This also means that Sliderify is compatible with other plugins and with most themes. It’s forward compatible: because it uses the native WordPress media and gallery functions, and so it shouldn’t suddenly break with a future WP update.

That’s great, but my theme already has a slider

Some themes come with their own method of creating sliders or have a plugin bundled. That’s fine, and if your particular theme uses its own method to create sliders then you can stick with it. But Sliderify Pro will still allow you to do great things with your galleries inline in your posts and pages.

Sliderify features

Essentially, Sliderify allows you to do the following:

  • Convert a standard WordPress gallery into a slider or carousel
  • Apply an optional Masonry layout to your gallery
  • Add a lightbox slider to your gallery
  • Replace a standard featured image with a slider

Moreover, when you create a slider, you can also:

  • Add titles, captions and call to action buttons to slides
  • Add animated slide transitions
  • Create animated layered slides

We’ll look at each one of these features in more depth and provide simple set-up instructions for each.

Convert a standard WordPress gallery into a slider or carousel

I don’t know if this is the most accurate definition but for the purposes of this article, I’m going to refer to a slider when there’s only one image visible at a time and a carousel when there are more than one image visible.

  1. First of all, open your page or post at the point where you want the slider to appear.
  2. Click the ‘Add Media’ button and click on the ‘Create Gallery’ option on the left hand side of the media window.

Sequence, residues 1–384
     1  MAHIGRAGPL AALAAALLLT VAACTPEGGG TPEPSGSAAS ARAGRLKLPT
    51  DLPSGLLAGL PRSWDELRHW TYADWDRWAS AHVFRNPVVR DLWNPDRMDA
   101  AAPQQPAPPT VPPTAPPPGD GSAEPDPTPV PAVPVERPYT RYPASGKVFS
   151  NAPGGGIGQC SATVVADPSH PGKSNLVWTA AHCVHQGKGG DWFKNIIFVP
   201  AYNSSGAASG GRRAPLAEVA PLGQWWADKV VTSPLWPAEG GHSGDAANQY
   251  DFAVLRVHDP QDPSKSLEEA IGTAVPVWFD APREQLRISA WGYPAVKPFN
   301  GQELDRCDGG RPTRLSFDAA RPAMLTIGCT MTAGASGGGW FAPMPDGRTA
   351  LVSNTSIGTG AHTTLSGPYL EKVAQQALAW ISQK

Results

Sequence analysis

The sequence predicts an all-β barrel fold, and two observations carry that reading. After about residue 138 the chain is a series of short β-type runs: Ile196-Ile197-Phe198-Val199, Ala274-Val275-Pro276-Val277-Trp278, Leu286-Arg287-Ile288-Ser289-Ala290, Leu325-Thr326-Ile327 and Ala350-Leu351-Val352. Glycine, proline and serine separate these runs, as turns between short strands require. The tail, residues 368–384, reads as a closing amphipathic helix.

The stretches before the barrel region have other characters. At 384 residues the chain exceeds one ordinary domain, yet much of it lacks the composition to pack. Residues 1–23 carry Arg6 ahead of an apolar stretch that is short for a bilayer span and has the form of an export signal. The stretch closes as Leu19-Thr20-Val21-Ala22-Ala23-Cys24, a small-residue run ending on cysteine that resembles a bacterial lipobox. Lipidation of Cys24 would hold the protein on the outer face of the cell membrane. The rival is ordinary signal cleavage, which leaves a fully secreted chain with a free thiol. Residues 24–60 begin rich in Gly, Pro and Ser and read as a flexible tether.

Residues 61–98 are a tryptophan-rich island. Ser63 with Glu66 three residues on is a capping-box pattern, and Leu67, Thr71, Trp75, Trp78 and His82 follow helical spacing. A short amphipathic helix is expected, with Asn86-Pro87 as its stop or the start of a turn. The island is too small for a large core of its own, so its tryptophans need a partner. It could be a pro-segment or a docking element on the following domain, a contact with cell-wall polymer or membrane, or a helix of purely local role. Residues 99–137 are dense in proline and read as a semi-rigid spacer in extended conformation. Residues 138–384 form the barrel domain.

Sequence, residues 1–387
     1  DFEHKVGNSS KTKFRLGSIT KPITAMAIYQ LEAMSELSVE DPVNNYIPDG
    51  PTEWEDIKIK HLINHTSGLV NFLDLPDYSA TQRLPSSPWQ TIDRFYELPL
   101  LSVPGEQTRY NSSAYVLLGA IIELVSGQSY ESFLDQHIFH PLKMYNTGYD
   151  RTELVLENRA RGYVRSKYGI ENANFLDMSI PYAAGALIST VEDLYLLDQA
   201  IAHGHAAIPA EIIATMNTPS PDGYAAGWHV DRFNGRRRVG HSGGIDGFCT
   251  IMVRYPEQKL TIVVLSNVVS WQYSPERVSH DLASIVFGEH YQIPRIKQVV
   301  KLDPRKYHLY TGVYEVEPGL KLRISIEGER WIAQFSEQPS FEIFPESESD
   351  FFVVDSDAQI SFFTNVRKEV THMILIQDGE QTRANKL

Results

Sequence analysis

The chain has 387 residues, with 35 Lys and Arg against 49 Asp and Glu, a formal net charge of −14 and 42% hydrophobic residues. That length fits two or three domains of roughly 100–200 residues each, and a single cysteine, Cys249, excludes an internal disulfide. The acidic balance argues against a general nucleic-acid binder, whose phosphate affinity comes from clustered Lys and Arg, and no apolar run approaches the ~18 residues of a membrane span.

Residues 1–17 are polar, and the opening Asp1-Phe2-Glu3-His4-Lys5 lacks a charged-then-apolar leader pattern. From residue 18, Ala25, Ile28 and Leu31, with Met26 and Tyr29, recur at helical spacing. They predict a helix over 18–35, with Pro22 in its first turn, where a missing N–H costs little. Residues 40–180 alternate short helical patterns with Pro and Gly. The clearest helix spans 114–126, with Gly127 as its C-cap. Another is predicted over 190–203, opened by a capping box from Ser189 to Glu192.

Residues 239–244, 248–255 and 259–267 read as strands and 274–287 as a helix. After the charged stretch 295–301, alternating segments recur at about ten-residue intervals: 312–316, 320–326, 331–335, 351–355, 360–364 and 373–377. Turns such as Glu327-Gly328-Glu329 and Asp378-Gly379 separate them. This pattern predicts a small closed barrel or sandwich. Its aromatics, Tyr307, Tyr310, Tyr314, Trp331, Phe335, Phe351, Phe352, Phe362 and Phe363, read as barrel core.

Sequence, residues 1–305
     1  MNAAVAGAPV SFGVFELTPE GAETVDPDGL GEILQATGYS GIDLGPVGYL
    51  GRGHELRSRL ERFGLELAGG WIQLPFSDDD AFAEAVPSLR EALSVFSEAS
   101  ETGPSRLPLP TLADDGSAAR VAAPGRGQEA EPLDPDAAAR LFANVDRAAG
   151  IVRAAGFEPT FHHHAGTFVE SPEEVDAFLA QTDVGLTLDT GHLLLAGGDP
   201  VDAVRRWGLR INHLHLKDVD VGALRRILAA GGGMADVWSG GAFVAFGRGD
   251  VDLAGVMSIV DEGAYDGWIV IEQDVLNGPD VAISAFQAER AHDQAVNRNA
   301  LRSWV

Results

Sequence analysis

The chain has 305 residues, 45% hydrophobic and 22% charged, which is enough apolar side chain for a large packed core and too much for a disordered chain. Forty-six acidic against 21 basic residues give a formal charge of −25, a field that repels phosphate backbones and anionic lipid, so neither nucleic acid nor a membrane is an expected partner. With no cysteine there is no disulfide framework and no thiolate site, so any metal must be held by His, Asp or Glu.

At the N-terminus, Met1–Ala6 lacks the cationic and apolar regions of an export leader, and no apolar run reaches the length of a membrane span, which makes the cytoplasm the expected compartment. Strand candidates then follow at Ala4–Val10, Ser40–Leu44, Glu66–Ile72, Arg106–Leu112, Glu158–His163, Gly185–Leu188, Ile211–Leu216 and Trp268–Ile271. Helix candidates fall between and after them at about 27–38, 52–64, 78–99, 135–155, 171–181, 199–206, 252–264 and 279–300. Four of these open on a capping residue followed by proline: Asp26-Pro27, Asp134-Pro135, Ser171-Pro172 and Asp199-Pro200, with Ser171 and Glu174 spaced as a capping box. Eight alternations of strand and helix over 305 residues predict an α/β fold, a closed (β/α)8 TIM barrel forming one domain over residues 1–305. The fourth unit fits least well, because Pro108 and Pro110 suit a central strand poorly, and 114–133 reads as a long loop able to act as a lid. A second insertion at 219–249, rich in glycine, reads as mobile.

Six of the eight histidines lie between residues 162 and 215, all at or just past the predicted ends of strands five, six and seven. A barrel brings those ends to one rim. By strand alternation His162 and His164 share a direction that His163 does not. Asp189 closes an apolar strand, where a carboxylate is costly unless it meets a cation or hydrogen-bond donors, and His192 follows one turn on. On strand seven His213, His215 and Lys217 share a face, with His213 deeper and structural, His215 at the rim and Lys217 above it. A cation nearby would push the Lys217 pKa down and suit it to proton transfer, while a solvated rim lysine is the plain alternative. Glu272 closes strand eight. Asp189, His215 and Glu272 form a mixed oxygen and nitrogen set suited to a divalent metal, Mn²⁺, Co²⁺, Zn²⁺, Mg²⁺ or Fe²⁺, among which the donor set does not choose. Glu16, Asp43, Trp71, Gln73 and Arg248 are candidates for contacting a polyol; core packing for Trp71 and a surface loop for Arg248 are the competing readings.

3. Upload or select the images you want to add then click ‘Create a new gallery’ in the bottom right.
    Create a new gallery
  4. In the ‘Edit Gallery’ view, select ‘Slider’ from the ‘Layout’ dropdown box.
    Slider layout
  5. Click ‘Insert Gallery’.

Your gallery will be inserted into your post. While you’re editing, you’ll still see the default gallery layout but when you update and view the post it will be transformed into a slider. Remember that Sliderify respects the image size settings so choose an image size that’s going to work for your page. Often that’s medium or bigger.

You can see working examples for all these galleries on the Sliderify demo site.

Adding slide transitions

Sliderify uses the popular animate.css library to give you upwards of 20 different transition effects between slides. To pick which one you’d like to use in your slider, you’ll notice a few extra options have been added to the ‘Edit Gallery’ view.

Click back into your gallery by selecting the gallery in your post editor and clicking on the pencil icon. In the right hand column of the Edit Gallery view, you can see several new options added by Sliderify. Again, note that these options are added at the point of use, not on a separate settings page, and use core WordPress filters.

Slider settings

Pick your preferred animation style from the Slide Transition then click ‘Update gallery’. Your slider will now use this animation style when transiting from one slide to the next.

Using and animated text captions

A standard feature of the more complex slider plugins is the ability to add layered text with timed animation. Sliderify allows you to do the same but without needing to set X and Y coordinates or lay the text out on a difficult WYSIWYG interface.

Instead, you can display titles and captions over each image. Click on one of the images in your slider and you’ll see a new section, Attachment Details, appear in the right hand column (you may have to scroll down below the Slider Settings section). You can update the image’s title and caption here.

Text and captions

When you’ve edited your titles and captions, you can choose the animation style you’d like to apply from the Text Animation dropdown, then the text position from the Text Alignment dropdown. Sliderify does the rest.